Queen + Adam Lambert
Madison Square Garden
July 17, 2014
Review and photos by David Chiu
Twenty-five years ago, the idea of Queen ever performing a rock concert at Madison Square Garden again, let alone America, would have seemed out of the question. During most of the ‘80s and early ‘90s, the British band’s popularity in the States was at an all-time low — although Queen conquered the rest of the world with its hit albums and sell-out shows. It was almost as if Queen — who was once the most popular band in the world during the banner year of 1980 with “Another One Bites the Dust” and “Crazy Little Thing Called Love” – became an afterthought in the States. Was it because of the cool reception to the 1982 dance-oriented Hot Space album, or the “I Want to Break Free” video in which the members were dressed up as women? Who knows. The clear fact was Queen didn’t have a Top 10 hit song or album on the American charts for the rest of the ‘80s.
But a lot has changed in the last 25 years. Factors such as the death of the band’s irreplaceable and magnetic front man Freddie Mercury, “Bohemian Rhapsody”’s resurgence thanks to the Wayne’s World film, and the placement of Queen’s popular hits in TV ads and movies made America reconsider how important and influential this band was for bringing a sense of pomp, majesty, camp and spectacle to rock and roll.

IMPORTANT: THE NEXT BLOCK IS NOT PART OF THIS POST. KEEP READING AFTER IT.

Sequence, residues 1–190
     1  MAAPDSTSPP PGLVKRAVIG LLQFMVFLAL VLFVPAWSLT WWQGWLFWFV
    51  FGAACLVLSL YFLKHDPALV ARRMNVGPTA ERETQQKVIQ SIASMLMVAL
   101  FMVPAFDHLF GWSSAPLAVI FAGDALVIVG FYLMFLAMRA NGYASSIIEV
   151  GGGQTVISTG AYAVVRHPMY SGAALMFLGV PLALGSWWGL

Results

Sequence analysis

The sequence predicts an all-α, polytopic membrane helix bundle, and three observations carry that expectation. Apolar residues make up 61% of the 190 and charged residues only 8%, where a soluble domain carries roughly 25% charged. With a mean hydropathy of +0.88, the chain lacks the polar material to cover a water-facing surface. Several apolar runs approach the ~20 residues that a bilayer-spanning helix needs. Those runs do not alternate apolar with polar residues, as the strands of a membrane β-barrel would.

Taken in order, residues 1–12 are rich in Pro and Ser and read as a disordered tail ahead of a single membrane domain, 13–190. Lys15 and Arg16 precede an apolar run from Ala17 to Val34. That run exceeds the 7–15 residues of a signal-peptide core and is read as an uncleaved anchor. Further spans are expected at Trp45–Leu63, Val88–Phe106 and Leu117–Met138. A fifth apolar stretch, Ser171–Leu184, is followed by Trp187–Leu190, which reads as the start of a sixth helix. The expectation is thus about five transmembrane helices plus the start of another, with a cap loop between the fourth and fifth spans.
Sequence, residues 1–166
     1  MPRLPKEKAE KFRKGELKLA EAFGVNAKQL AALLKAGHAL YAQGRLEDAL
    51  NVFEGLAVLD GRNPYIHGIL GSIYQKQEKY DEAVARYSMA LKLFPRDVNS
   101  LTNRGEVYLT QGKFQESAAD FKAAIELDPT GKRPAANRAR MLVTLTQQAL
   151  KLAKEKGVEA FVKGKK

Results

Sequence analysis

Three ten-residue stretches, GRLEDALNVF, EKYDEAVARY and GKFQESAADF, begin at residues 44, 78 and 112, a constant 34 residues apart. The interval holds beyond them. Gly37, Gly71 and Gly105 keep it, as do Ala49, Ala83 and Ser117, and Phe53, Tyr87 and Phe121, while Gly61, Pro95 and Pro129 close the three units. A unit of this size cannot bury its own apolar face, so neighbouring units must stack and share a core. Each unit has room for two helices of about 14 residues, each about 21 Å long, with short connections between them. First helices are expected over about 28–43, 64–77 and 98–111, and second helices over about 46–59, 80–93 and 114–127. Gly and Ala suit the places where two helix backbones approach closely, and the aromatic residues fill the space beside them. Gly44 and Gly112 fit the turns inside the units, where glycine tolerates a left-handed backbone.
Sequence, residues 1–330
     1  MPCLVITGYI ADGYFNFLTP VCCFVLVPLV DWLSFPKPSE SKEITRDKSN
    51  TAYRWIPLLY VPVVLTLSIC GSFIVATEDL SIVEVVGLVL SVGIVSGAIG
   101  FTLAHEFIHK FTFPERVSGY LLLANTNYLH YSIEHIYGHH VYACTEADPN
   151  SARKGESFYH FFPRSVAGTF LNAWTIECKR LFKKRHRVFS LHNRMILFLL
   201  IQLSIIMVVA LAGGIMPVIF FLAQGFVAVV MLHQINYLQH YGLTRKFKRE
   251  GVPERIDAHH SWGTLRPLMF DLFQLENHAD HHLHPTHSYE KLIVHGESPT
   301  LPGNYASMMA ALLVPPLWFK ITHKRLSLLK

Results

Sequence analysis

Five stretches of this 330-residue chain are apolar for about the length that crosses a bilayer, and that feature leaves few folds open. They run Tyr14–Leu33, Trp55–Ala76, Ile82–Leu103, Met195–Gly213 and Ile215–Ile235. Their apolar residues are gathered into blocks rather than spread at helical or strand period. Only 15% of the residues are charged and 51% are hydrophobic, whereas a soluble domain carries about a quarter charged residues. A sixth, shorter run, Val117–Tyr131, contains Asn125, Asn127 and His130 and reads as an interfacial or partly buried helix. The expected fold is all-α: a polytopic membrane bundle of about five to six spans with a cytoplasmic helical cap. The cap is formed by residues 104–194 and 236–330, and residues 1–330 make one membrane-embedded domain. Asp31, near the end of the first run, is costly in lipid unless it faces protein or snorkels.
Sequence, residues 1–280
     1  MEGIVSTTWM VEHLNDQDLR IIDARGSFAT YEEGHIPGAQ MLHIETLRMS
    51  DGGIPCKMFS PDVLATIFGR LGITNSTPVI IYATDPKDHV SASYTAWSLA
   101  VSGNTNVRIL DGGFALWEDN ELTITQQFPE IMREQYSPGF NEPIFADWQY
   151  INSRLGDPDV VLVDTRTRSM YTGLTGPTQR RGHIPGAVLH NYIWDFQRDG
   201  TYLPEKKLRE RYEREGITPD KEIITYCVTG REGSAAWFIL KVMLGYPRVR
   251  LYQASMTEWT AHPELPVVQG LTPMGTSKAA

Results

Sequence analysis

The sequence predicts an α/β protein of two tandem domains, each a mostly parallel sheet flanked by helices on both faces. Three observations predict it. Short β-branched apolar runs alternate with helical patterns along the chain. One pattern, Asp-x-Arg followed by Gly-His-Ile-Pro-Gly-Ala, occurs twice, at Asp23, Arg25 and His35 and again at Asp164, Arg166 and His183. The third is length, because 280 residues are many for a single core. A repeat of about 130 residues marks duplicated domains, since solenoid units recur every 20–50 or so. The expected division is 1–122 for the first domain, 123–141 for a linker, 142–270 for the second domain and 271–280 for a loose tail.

So it was amazing to witness a huge sea of American Queen fans of different age groups this past Thursday night filling up the seats at Madison Square Garden where the band performed for the first time in probably over 30 years. Certainly it’s not the same Queen of yesteryear – this incarnation features guitarist Brian May and drummer Roger Taylor along with American pop singer Adam Lambert taking over for Mercury, along with backing players, bassist Neil Fairclough, keyboardist Spike Edney and drummer/percussionist Rufus Taylor (Roger’s son). The odds seemed relatively stacked against Queen 2014 compared to the legendary lineup of Mercury, May, Taylor and bassist John Deacon. So it begs the question: Could they actually pull it off?
The answer is yes. For over two hours, this configuration rocked out the old hits with the same fervor and passion that marked Queen’s legendary live performances from the ‘70s and ‘80s. Throughout the course of the evening, you forgot the cynical notion of, ‘Oh, this is not the same without Mercury.’ Instead, you saw a very unified group that you can accept at face value and yet still feel the spirit of the original band.
With the exception of the self-titled 1973 debut album, Made in Heaven and The Cosmos Rocks, the set list drew at least one song from each of Queen’s records from the last 40 years, starting off with a blistering rocking version of “Now I’m Here.” It was great to hear a few older numbers that probably hadn’t been performed live in a long while, such as “Fat Bottomed Girls,” “In the Lap of the Gods, “’39” and “Stone Cold Crazy — along with other tracks like “The Show Must Go On” and “I Want It All” that were never performed when Mercury was near the end of his life. The poignant moments occurred when May did “Love of My Life” and “’39” on lead vocals, numbers they was usually reserved for Mercury to sing live; Taylor, meanwhile, took up the mike himself to sing the touching “These Are the Days of Our Lives.”